Joan Furey’s remarkable story — one that was honored with a Lifetime Achievement Award bestowed by the Stony Brook University School of Nursing at its 50th Anniversary Gala — actually began 8,000 miles from the SBU campus, in Vietnam.
“The war was going on and there was a lot of news coverage,” said Furey, who served as a lieutenant in the U.S. Army Nurse Corps, earning a Bronze Star. “A lot of the guys I hung out with in high school were drafted or joined. I wanted to contribute something. I literally walked into the local recruiter’s office one day and said, ‘I want to go to Vietnam.’”
Furey got her wish. After completing basic training at Fort Sam Houston’s Medical Field Service School in Texas, she spent a year with the Army Nurse Corps in an evacuation hospital in the central highlands of Vietnam, supporting special forces in the infantry division.
“We were exposed to a lot of combat casualties, and we also took care of civilians that were injured during the fighting,” she said, describing her time there as “intense.”
“We worked 12-hour shifts six days a week and then we were on call,” she said. “A couple of times we ended up working 18 hours because we had so many casualties. It was overwhelming, emotionally and physically.”
After getting discharged, Furey had an opportunity to teach, but wasn’t sure which direction to go. However, the G.I. Bill and Stony Brook’s newly opened School of Nursing, not far from her Port Jefferson Station home, helped make her next decision.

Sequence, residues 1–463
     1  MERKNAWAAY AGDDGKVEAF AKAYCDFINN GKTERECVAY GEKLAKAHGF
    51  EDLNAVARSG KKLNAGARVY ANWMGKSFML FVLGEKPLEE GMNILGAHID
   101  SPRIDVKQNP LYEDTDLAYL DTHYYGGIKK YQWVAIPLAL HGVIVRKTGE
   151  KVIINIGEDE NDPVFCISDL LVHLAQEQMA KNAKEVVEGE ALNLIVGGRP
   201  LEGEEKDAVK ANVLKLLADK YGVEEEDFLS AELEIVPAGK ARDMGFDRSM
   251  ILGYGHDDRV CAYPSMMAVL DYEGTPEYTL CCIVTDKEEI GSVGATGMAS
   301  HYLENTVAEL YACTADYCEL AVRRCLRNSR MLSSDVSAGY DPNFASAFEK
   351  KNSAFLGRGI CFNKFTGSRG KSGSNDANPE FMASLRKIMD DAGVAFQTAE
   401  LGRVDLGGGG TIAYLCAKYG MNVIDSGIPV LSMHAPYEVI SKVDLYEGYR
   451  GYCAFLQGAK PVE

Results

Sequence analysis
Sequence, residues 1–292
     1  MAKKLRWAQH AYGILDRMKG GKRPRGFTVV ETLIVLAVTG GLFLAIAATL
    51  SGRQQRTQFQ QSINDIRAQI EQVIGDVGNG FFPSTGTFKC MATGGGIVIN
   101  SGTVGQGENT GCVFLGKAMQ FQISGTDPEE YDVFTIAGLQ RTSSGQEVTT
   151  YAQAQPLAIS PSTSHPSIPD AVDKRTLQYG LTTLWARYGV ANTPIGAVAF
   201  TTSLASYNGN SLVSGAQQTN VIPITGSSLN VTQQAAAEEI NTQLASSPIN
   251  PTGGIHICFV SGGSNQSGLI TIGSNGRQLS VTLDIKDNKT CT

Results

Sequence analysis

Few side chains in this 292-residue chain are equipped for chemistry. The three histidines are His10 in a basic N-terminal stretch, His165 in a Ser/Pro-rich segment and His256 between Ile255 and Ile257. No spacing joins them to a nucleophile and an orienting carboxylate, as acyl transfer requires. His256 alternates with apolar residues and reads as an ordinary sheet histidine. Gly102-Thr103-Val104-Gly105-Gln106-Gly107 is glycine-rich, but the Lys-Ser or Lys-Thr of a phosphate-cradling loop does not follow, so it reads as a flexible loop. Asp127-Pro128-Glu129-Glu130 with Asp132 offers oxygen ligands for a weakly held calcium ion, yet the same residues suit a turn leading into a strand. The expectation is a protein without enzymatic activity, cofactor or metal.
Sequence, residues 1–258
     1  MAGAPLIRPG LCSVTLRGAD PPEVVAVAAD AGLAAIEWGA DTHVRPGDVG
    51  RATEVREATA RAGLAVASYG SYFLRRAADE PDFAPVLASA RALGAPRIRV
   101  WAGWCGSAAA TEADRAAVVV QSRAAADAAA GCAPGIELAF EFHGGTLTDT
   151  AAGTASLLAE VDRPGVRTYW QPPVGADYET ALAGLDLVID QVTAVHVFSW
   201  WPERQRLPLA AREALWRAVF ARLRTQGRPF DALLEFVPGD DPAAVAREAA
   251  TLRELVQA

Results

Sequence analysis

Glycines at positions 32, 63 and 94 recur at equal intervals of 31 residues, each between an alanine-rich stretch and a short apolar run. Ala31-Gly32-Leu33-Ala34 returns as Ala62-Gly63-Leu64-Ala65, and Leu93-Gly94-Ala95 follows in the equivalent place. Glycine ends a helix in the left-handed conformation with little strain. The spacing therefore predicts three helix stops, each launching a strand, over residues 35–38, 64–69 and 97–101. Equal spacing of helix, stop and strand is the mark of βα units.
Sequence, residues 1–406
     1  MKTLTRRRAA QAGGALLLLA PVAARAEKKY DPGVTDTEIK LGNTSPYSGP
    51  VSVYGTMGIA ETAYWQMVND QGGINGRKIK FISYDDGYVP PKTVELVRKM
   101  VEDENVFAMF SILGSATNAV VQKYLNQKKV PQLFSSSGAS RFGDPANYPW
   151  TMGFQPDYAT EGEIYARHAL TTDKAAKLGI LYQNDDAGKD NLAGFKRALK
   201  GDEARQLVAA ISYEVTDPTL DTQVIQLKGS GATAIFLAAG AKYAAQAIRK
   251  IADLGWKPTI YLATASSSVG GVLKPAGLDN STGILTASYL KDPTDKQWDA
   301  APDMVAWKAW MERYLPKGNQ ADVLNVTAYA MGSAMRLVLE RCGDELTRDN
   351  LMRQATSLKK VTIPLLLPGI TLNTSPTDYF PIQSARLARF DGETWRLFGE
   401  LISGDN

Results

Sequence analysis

“They had a special program for RN students, and we were able to get credit for prior work,” she said. “It was a great opportunity.”
Furey was one of the school’s early graduates, matriculating in 1972. Fifty years later, Furey was one of five alumni honored at the School of Nursing Gala. “There aren’t words that can express this tremendous honor,” said Furey. “When I got the email telling me I was selected, I was so touched by it. It’s a great honor to be recognized by the school that laid the foundation for the work I’ve done in my career.”
After graduating with a BSN, Furey took a position teaching at a community college in Florida. Realizing she really wanted to work with veterans, she took a position at the United States Department of Veteran Affairs (VA), working with World War II veterans and an increasing number of young Vietnam veterans.
“They were coming in with more behavioral issues than we’d seen before, and their behavior was challenging to the staff,” said Furey. “I began working with people in the mental health field because I understood what they had been through.”
Working with colleagues across multiple VA medical centers, Furey developed a comprehensive program to educate healthcare providers in the system on how to treat war zone-related stress disorders. “I knew it was coming from frustration,” she said. “But they didn’t know about PTSD at the time. They were just beginning to discover it.”
Furey’s program educated people about why these veterans exhibited their behavior and how to treat them more effectively. She also noticed another disturbing trend: The care available to women was incredibly poor, and the programs were all directed at male veterans.